And new data out this morning seems to indicate that Apple is well on its way. The firm reports that Nano sales on Friday accounted for 46% of iPods sold. Piper was modeling something closer to 38%.
The iPod Classic made up 19% of iPod sales. Piper modeled 9%. The iPod Touch made up 16%, right in line with expectations.
The surprise might be in the iPod Shuffle. Sales of that product accounted for 19% of the mix. Piper had modeled 38%. It's a surprise since that's the low-end product. And that's good news for Apple shareholders since customers seem to be more interested in the higher-priced, higher-margin Apple devices.
Mac sales averaged 5.3 units an hour, compared to 4.3 an hour during the 50 hours the company tracked in August. And iPhone sales slowed to 1 unit an hour versus the 1.3 an hour during that same 50 hours in August.
Analyst Gene Munster called traffic to Apple's retail stores "almost comical," saying there was almost this invisible "tractor beam" on customers, pulling them into stores. He reports that at the malls he was watching, 27% of the people walking within 25 feet of an Apple store entrance entered the store; 462 people an hour on Black Friday.
Other big winners? GPS devices, which should come as no surprise, since I detailed how significant this category would be in a post on October 1. That's good news for Garmin and Nokia, with Nokia buying NavTeq last month in what could be a stroke of genius. Amazon's new electronic book reader "Kindle" has apparently sold out, and the same goes for Microsoft's 80gig version of the Zune media player.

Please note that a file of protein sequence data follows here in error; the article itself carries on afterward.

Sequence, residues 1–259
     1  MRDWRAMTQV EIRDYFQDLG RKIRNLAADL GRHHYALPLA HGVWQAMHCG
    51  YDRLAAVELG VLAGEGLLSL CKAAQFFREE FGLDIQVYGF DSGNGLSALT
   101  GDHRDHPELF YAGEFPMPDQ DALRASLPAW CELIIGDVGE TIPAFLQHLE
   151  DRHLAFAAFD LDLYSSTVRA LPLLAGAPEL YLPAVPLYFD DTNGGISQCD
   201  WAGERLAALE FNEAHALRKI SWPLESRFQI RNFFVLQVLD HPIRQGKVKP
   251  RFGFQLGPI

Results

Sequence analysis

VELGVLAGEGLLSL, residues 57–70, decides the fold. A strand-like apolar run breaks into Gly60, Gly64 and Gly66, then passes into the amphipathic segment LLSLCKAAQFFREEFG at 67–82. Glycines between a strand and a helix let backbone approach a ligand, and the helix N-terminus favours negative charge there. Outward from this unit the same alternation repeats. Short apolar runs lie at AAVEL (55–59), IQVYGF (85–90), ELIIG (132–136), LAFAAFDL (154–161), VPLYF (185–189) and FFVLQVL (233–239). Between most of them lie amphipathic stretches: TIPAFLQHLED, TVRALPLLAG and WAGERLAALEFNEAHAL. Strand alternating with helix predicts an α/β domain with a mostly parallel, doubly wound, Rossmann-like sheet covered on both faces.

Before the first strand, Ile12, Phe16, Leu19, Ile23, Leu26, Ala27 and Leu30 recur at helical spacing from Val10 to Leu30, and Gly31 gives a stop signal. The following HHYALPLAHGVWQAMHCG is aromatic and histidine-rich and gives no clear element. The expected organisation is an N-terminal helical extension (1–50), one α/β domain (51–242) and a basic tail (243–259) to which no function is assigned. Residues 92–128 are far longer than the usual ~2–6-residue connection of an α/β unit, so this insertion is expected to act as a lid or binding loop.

Deutsche Bank raised its rating on the glassmaker Corning thanks to what it anticipates as better-than-expected sales of LCD televisions this holiday season.
There's enormous interest in the game console battle, with widespread reports of further Nintendo Wii system shortages. "Every single one we get in, we sell within an hour or two, but if you're persistent, you'll get them. We're getting multiple shipments throughout the holiday season. We will have more than we had last season, but they still sell out," says Gerald Storch, Toys 'R Us CEO.
That could bode well for Microsoft since the xBox 360 is the likely second choice for disappointed Wii shoppers.
Price cuts seem to be helping Sony's PlayStation 3, but if it doesn't perform, its slagging sales could also hurt the Blu-ray DVD movement. Still awaiting any kind of data on Blu-ray vs. HD DVD sales. Should have something later in the week, though a rep from Best Buy was on our air this morning saying dual-platform players sold briskly this weekend.
All in all, with the National Retail Federation reporting a 4.8% sales jump, ShopperTrak reporting a big 8.3% increase, and comScore reporting a 22% increase in online sales on Black Friday, this seems to be a good start, with consumer electronics leading the way -- and consumer electronics investors hoping the momentum continues right up until Dec. 24th.
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